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Monday, May 17th, 2004

Time Event
Very nice cycle up to the Anchor Inn yesterday, with a good lunch (smoked haddock on pease pudding with a very creamy mustard sauce; followed by a "thai fruit soup", various exotic fruits in a light syrup with a really interesting slight hint of chilli). The bridle path sections were at times more suited to horses than bikes.

It was good to get a better view of the Hundred Foot Washes than the brief glimpse from a train window. There's something primal about wetlands that I find deeply impressive, I can understand the bronze age people who made offerings at liminal places.
It is best for man to be middle-wise,
Not over cunning and clever:
The fairest life is led by those
Who are deft at all they do.

It is best for man to be middle-wise,
Not over cunning and clever:
No man is able to know his future,
So let him sleep in peace.

It is best for man to be middle-wise,
Not over cunning and clever:
The learned man whose lore is deep
Is seldom happy at heart.
W.H.Auden & P.B.Taylor translation of the Hávamál

So many people I know seem deeply unhappy at the moment with the way they are, or the way their life is going. I do wonder if it's normal, or if there's something about the people or the social environment here that makes discontent so prevalent.

I wish I could help more. At the moment I'm in a fairly good way, life isn't perfect but I'm mostly enjoying it. I feel I should be doing more to help my friends who aren't so lucky. I'm not very good at finding comforting words, but I can at least listen, and I should make more of an effort to make myself available to listen.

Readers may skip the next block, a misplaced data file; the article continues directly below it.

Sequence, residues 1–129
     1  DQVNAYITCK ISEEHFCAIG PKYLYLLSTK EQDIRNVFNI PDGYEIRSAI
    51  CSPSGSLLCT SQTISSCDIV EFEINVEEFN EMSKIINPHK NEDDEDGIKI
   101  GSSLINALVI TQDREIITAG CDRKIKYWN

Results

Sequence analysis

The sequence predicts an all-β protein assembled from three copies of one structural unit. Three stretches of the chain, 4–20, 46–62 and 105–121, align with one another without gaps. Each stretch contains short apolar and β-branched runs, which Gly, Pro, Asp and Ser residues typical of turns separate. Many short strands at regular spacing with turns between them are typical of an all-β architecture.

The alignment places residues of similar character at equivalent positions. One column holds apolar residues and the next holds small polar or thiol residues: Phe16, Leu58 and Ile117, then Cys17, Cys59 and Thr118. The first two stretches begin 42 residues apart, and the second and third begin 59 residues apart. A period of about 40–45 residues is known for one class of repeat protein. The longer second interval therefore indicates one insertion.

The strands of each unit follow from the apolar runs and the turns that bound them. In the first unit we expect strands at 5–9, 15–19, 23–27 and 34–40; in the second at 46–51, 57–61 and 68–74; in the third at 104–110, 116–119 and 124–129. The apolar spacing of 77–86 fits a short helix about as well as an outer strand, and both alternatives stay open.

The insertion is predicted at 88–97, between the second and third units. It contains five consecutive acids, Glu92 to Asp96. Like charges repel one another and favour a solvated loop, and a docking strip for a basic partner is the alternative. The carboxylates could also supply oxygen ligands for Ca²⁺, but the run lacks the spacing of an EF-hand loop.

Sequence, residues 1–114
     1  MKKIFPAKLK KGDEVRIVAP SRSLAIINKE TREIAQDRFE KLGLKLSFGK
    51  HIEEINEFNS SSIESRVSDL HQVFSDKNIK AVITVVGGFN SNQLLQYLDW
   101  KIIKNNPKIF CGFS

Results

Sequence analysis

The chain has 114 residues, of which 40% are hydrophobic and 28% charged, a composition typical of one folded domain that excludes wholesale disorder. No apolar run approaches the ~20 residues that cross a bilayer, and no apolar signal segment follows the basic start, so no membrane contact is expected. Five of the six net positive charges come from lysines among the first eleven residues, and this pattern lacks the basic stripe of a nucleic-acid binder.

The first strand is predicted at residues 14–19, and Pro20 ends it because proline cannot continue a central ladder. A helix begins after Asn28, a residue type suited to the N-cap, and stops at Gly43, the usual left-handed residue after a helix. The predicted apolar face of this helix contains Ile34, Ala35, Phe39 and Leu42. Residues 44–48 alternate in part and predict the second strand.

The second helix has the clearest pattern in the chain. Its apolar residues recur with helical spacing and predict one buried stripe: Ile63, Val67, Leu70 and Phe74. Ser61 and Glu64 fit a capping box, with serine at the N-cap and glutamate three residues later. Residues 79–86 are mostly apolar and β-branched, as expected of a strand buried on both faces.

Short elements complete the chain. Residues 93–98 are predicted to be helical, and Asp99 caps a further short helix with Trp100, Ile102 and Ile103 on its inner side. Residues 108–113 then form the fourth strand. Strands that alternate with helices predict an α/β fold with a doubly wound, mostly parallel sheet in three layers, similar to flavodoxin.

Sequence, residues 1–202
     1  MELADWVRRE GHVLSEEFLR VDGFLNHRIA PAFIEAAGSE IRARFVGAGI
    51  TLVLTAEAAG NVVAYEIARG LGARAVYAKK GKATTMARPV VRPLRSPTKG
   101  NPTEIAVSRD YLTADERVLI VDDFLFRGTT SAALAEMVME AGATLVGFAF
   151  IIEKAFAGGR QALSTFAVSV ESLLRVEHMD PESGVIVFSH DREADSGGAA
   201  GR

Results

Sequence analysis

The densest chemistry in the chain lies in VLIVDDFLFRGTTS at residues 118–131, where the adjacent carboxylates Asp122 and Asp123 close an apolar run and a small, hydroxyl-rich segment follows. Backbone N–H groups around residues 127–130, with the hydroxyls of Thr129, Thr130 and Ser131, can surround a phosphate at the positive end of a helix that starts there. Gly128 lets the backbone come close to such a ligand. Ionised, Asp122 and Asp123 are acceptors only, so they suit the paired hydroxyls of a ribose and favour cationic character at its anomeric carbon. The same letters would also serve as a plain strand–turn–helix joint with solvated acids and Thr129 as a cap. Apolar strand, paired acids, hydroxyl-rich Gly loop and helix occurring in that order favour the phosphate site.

Interesting - apparently CD sales are actually increasing in the US, despite what RIAA claims.

The discrepancy appears to be down to record stores reducing costs by holding less inventory to compete with online retailers.
Anybody feel like coming along to see Spring, Summer, Fall, Winter… and Spring this evening at the Arts (8:45pm)? (Arts page here, IMDB page here)
Didn't get organised to go out in time, maybe another night.
Actually, I'm bored. I'm off to watch Saddest Music in the World
Interesting ethics:

An armed gang forced their way into a bullion storage area, threatened staff, then were arrested while trying to escape. Police and senior management knew all this would happen, but did nothing to prevent it. Presumably somebody decided that catching the criminals with undeniable evidence would be more effective in the long term than preventing a terrifying experience for the company staff. They claim to have arranged counselling for the staff.

I'm not sure whether or not the commercial and state authorities made the right decision. I can see the reasons they did, but I'm not convinced from that report that it was a good decision. I wouldn't be surprised if somebody sued.

(Goodness, I'm posting a lot to LJ today. Anybody would think I'm in total limbo at work.)
I've just been to see The Saddest Music in the World.

The constant knowing irony comes across as somewhat conceited at times, but at least mostly isn't too crass. It's a very funny film, from prat-falls and sight-gags to subtle adjacencies and associations. There are some very meaningful themes and allegories layered so carefully through the parody, cynicism and kitsch indulgence as not to offend the delicate sensibilities of modern arts-cinema audiences.

I overheard somebody say on the way out “that was very Canadian”, but they were talking in a very Canadian way, so I suspect some degree of national pride. It certainly wasn't very Hollywood, the closest there would be David Lynch, and he's just not that subtle.

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